playing field, with its over-emphasis on the written word, will begin to
become more equitable for people who must deal with this frustrating

-Patty Dunn
* * * * *

I later received the following off-list post from Patty:

* * * * *
Date: Thu, 12 Feb 1998 17:23:19 -0600
To: Carrol Cox <[log in to unmask]>
From: "Patrica A. Dunn" <[log in to unmask]>
Subject: Re: The Glitch


Thanks for your reply.  I wish I could say that most of the research
regarding this issue is in Composition, but it's not. It's scattered all
over in neuroscience, ed psychology, speech acquisition, you name it.
Most Composition people aren't aware of it. Sadly, I don't think they're
terribly interested.

But I'm glad to hear you noticed that about that student.



Thank you for your post. Composition was never my field, and I never
became really acquainted with the scope of research in it, so I had no
way of knowing whether my suspicion of physical\neurological glitches
had real content or not. I'm delighted to hear that there is actual
research that backs me up.

The student I spoke of in my post printed his papers, and printing is of
course much slower than cursive writing, so I have always thought *one*
possible or partial explanation might be that some people lose the race
between transcription and short-term memory decay. And if so it exists
in degrees. I could never compose on a typewriter but had to use legal
pads then write and rewrite on typewriter. But ever since I got a
computer (an early Osborne) back in 1981 I have increasingly done my
thinking on screen, and the difference is in part speed. But that's
probably too simple.

My older daughter always had to (I presume still has to) read her
writing aloud to correct it. So in her case the difference is between
visual and aural judgment I guess.

* * * *

There is probably a relationship between facility in language and the
ability to think in sophisticated terms - BUT facility in language is
NOT identical with facility in written language. And to the extent that
the latter facility (under the present structure of education) is the
entrance ticket to higher training, the identification of bad writing
with bad thinking may well constitute a great waste of human talent. I
may have more to say on this later.

Oh yes, Gunnar,  I too like "ability to wiggle one's ears"; I have
frequently used it as an analogy for various specialized or aberrant
human capacities. J

Then on Milton:

Marcia Karp wrote:
> I think your point about variation showing only against regularity is a good
> one. I wonder what you make of the erratum for the first edition of PL-"Lib. 2.
> v. 414, for we read wee."   Why do you limit the function his spellings might have
> served to _symbolism_ (in scare quotes, yet)?

From Roy Flannagan (ed), _The Riverside Milton_, note to PL II.414:

For some reason that has caused all subsequent editors confusion, the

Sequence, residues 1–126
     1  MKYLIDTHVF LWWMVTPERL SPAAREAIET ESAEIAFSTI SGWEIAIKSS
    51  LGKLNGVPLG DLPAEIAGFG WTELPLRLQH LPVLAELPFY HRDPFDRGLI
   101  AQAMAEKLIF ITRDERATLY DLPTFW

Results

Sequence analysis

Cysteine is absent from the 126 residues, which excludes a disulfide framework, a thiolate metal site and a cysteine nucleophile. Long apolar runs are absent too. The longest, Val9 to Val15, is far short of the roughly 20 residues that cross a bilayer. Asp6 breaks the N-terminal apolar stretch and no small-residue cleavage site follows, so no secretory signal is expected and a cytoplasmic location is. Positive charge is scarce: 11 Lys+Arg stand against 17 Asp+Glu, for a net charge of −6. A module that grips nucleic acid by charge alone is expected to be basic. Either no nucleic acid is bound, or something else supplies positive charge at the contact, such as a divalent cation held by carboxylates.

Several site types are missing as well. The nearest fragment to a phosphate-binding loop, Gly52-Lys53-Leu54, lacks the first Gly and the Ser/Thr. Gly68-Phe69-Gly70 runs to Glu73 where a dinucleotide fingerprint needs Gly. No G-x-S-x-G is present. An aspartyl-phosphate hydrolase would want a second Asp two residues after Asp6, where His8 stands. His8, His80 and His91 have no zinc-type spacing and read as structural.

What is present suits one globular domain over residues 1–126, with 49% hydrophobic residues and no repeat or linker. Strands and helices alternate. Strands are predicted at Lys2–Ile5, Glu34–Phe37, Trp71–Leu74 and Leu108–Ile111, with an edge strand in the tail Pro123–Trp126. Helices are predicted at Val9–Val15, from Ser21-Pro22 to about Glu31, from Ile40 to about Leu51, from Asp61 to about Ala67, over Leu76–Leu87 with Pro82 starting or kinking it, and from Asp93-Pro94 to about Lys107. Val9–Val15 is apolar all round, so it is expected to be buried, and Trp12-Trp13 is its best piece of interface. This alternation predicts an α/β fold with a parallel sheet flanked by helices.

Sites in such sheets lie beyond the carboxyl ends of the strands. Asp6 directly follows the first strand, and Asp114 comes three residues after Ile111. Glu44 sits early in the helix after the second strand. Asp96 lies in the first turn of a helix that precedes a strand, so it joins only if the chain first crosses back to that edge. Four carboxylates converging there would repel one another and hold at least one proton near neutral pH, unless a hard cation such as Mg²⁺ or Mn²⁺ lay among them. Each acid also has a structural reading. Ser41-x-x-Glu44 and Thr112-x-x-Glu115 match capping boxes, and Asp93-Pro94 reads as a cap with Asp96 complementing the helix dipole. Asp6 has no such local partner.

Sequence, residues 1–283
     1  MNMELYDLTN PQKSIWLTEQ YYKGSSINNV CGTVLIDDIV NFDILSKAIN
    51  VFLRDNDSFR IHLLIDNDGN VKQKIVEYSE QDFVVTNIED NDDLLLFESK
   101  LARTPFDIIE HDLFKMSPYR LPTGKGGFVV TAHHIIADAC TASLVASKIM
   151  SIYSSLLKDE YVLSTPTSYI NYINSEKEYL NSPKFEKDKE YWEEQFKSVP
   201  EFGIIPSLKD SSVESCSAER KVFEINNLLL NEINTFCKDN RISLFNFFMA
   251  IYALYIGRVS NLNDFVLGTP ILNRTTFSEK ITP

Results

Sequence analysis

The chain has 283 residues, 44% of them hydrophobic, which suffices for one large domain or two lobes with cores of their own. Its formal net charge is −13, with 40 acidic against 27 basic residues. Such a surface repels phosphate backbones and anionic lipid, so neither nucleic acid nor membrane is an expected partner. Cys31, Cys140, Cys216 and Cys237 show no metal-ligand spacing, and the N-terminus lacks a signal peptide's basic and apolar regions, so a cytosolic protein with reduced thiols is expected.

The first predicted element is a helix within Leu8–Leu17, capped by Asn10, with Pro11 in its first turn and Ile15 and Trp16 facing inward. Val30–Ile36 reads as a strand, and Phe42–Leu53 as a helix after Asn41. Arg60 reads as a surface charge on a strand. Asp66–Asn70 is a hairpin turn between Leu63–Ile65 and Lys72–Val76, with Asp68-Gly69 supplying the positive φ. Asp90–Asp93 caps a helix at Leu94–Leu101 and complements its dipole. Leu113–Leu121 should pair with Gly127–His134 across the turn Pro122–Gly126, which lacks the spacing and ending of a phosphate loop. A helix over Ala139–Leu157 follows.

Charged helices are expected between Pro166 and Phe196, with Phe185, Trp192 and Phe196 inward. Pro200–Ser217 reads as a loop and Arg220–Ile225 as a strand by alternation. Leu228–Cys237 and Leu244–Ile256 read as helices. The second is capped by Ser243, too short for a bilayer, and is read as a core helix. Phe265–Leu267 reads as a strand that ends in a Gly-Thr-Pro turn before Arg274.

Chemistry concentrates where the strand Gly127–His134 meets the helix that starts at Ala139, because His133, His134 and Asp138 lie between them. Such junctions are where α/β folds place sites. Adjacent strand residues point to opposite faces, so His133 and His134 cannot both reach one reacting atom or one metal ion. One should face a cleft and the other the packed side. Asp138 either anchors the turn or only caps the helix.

_1668 errata_ call for "wee" here, but the word is not stressed in the
line (stress should fall on "now"), nor does the compositor of _1674_
make the change, though he does make the change in all other corrections
listed. I have assumed, with Fletcher (3;136n), that "we" is correct.

On "off topic" topics. How can one isolate a writer from the world? When
I taught the _Odyssey_ for many years I would spend a good deal of time
exploring the division of mental and manual labor and its various
historical manifestations. I would also discuss the different
relationships between present and future generated by tributary modes of
production (with production fundamentally for direct use) and a mode of
production in which almost all production was of commodities. Students
would often ask, "What does this have to do with Homer?" and I would
have a double answer. The first was simply that we couldn't even begin
to understand Homer without having some sense of the gap between him and
us. But the second and more important response was that the question was
wrong. Rather than asking "How is X relevant to Homer?" we should be
asking "How is Homer relevant to X?" And usually the answer to that was
that the Odyssey-poet (who we call Homer for lack of a better name) was
really quite relevant to a number of things. And then there is that
marvellous passage in Pound's Canto XI:

        And they want to know what we talked about?
                _"de litteris et de armis, praestantisbusque ingeniis,_
        Both of ancient times and our own; books, arms
        And men of unusual genius,
        Both of ancient times and our own, in short the usual subjects
        Of conversation between intelligent men."

Should not the discussion of a poet always incorporate a good deal of
the "usual subjects" of conversation among "intelligent humans"? And is
not the significance of any poem at least in part the number of
connections that can be drawn between it and the rest of human history?